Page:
It might not be what you want to hear, but selling a house requires paying fees in some capacity. You can breathe easy knowing the amount you’ll receive from the sale will likely far outweigh anything you need to contribute, but that doesn’t mean you should forget about fees that you would need to pay, when you calculate how much you’ll get for your home. So, what do you need to pay, and how much will it amount to? This guide provides an overview of the typical fees a seller may encounter when selling a house.
Estate agent fees, often up to 3.5% of the property’s sale price
In the process of selling a house, one of the highest costs you’ll encounter is the estate agent fees . Estate agents play a prominent role in the property selling process. Their role is multifaceted and includes tasks like marketing your property, conducting viewings, negotiating with potential buyers and dealing with some paperwork involved in the sale.
Typically, their fee is calculated as a percentage of the final selling price of your property. The percentage can vary depending on several factors but generally costs anywhere between 0.75% to 3.5%. Factors influencing the exact percentage include the estimated value of your property, the level of service provided by the estate agent and the degree of competition among estate agents in your locality.
To illustrate, suppose your house sells for £300,000, and your estate agent charges a fee of 1.5%. In this case, you’ll owe them a sum of £4,500. However, if the agent’s fee were 3.5%, this would escalate to £10,500, a substantial difference demonstrating why it’s crucial to understand and negotiate these fees.
More importantly, estate agent fees are often negotiable. Don’t be shy about discussing this with your agent, particularly if you believe the proposed rate is excessive. Some agents may be willing to offer a reduced rate if you are selling and buying a property through them, or they may be more flexible in quieter periods or in areas with a lot of competition. It’s also worth asking about what exactly their fee covers. Some agents may charge extra for advertising costs, professional photography or premium listings on property websites.
Finally, ensure that the agreement with your estate agent is clear and transparent. Make sure that you understand the terms and conditions and that the fee structure is explicitly laid out.
There are different types of estate agent contracts – sole agency, joint agency and multiple agency. Each has implications for the fees you’ll pay. It’s also worth understanding when you’ll need to pay the fees, as some agents require payment upfront, while others will take their fee from the proceeds of the sale.
Of course, there’s also the option of selling your house directly without an estate agent. Here at Property Rescue, we buy your home fast, and there’s no need to involve an estate agent or pay any fees.
To help you figure out what estate agent fees you would pay on your property, you first need to know what your property is worth. Here is an awesome instant, free property valuation tool that will tell you what your home is worth today.
Conveyancing fees, typically between £500 to £1,500
Conveyancing is the term used to describe the legal process involved in transferring property ownership from one person to another. This is a complex procedure that requires expertise and knowledge of property law. As such, you’ll need the services of a conveyancer or solicitor to ensure everything is carried out correctly and in accordance with the law. The service isn’t without cost, and you will be required to pay a fee for it.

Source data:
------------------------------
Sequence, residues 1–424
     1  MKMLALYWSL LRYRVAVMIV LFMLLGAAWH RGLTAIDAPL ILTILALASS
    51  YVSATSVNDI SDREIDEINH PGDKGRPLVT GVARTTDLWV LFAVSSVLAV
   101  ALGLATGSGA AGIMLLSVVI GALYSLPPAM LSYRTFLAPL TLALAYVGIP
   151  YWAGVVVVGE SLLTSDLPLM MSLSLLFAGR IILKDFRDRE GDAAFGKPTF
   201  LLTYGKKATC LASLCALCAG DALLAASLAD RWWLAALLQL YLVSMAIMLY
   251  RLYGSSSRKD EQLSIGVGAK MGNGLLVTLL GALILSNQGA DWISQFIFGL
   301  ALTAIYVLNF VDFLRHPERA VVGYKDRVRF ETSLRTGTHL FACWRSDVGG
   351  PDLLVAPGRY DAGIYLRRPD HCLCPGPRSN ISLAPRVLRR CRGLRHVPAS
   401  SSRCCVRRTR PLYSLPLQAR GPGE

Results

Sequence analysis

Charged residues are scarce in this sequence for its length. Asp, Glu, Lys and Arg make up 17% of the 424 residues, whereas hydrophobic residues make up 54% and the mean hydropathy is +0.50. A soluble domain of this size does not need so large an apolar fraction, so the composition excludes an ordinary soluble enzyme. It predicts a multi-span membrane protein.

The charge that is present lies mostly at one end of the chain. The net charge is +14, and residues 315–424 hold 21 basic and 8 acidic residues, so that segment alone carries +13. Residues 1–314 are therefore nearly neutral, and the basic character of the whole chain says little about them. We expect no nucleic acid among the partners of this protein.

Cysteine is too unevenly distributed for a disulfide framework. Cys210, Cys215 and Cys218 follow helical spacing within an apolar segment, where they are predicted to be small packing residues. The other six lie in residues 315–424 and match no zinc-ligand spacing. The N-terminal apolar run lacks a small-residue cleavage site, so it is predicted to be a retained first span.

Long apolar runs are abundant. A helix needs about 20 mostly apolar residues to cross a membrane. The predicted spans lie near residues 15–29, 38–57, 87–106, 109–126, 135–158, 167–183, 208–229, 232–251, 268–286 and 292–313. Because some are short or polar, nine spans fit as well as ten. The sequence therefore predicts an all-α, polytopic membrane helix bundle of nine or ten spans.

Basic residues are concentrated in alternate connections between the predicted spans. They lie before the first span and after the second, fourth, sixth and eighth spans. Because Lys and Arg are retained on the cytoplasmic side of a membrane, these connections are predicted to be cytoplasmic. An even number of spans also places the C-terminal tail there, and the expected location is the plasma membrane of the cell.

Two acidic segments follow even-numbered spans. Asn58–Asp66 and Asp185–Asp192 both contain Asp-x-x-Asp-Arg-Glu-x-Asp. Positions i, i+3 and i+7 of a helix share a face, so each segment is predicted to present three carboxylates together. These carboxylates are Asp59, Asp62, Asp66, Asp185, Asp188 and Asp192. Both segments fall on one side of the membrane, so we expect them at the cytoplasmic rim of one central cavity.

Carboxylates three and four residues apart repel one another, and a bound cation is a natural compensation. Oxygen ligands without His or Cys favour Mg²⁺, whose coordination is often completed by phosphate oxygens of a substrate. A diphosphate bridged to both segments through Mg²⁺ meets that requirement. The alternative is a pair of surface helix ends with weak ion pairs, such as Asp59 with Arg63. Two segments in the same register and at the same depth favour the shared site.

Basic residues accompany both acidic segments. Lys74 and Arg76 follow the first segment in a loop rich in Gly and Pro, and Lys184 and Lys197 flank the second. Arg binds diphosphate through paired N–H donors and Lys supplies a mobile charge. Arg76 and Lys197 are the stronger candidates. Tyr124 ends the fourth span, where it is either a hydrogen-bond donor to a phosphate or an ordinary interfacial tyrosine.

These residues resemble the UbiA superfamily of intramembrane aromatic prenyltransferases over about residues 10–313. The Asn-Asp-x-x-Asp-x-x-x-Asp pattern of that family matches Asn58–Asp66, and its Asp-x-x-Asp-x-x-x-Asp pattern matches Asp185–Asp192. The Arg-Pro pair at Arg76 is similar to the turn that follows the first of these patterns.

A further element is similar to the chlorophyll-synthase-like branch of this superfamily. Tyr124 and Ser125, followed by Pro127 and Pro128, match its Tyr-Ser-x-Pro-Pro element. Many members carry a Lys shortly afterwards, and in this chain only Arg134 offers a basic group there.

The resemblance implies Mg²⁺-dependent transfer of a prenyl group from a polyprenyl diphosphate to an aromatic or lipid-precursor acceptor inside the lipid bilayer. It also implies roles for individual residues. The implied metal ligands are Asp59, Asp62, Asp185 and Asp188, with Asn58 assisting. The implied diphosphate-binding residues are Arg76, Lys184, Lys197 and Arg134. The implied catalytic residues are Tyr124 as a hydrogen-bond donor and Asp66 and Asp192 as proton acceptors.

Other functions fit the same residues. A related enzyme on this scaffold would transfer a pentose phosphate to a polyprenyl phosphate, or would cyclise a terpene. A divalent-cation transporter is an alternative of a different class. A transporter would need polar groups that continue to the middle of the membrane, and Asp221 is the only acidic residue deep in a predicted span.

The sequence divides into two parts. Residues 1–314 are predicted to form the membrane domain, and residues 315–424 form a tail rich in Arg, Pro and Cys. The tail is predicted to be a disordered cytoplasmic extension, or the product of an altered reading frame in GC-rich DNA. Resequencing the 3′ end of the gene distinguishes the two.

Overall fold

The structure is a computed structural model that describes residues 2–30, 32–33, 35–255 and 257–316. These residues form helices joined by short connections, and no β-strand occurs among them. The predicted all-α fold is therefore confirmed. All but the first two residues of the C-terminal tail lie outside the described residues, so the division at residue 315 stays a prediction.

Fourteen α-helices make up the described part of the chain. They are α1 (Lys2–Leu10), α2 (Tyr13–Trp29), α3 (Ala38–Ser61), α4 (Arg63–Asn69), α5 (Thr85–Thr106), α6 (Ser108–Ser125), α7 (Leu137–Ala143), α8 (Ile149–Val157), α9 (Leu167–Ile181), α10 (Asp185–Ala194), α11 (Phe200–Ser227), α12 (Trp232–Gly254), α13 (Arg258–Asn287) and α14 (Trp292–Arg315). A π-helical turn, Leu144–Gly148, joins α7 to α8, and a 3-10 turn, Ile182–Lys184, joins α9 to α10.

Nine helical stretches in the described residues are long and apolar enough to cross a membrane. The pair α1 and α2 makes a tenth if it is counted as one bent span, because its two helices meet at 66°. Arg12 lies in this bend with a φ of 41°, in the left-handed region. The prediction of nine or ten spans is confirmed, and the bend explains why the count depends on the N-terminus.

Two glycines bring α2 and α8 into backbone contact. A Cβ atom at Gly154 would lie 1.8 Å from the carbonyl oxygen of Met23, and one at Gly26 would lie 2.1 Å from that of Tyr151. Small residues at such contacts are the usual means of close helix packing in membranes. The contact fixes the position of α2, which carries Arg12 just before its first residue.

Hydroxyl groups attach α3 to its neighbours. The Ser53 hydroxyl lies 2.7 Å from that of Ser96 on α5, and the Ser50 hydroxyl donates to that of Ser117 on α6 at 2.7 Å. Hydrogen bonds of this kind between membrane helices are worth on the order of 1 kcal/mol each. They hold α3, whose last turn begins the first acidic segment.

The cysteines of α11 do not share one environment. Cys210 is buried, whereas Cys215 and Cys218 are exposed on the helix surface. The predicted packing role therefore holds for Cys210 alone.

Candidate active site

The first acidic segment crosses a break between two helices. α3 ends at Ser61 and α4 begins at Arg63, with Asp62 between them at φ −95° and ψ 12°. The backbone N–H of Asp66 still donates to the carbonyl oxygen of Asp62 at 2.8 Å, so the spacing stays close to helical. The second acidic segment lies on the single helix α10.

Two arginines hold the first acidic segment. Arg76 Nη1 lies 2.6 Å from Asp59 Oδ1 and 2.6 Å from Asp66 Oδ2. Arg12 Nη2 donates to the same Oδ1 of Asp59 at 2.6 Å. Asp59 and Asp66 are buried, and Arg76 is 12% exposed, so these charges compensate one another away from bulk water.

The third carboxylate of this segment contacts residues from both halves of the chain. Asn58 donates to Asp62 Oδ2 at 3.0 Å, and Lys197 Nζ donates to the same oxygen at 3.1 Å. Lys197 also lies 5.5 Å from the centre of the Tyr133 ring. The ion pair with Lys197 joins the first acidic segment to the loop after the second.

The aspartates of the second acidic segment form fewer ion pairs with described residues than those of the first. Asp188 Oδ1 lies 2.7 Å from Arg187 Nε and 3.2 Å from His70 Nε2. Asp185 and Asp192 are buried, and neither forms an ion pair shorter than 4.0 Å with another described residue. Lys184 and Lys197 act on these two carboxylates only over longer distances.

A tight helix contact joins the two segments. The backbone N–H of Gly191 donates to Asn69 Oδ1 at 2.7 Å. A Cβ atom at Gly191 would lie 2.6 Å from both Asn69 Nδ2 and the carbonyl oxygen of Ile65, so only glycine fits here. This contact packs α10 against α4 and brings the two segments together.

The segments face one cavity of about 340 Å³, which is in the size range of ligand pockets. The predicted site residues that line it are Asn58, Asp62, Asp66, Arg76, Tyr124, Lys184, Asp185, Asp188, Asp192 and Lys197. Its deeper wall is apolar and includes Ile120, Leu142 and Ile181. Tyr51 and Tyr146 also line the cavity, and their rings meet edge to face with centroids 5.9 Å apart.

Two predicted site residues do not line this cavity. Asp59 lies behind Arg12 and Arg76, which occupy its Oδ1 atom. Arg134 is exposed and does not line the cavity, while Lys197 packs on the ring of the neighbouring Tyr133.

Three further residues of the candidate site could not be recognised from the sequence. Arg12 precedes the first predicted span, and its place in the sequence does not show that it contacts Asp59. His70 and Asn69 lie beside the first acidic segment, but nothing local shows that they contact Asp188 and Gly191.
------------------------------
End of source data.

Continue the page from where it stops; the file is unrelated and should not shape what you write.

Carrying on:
Conveyancing fees can vary quite significantly, typically falling between £500 and £1,500. The variance in cost depends on a number of factors, including the complexity of the transaction, the value of the property being sold and the level of service provided by the conveyancer or solicitor.
Conveyancing fees cover a wide range of tasks that your solicitor or conveyancer will undertake on your behalf. These include, but are not limited to:
- Drafting and reviewing the contract for sale
- Conducting searches with the Land Registry to ensure the property’s legal title
- Managing the exchange of contracts
- Overseeing the completion process, which includes the final exchange of funds and the transfer of legal ownership.
On top of the base conveyancing fee, there may be additional costs known as disbursements. These are expenses your solicitor or conveyancer has to pay out on your behalf during the conveyancing process. Disbursements can include fees for searches, Land Registry fees, bank transfer fees and potentially leasehold fees if the property is leasehold rather than freehold. While these costs are typically smaller than the main conveyancing fee, they can add up, so it’s important to factor them into your budget.
It’s also worth noting that some conveyancers or solicitors may offer a ‘no sale, no fee’ guarantee. If the sale falls through for any reason, you won’t have to pay the legal fee, although you may still be liable for any disbursements that have been paid out.
When choosing a solicitor or conveyancer, it’s important to get a detailed breakdown of their fees and what services they include. Make sure you understand all the costs involved and ask about any potential additional charges that may arise during the process.
While it might be tempting to go with the cheapest quote, remember that conveyancing is a complex legal process, and it’s important to choose a provider who is experienced and reliable to ensure a smooth transaction.
Energy Performance Certificate (EPC), between £60 and £120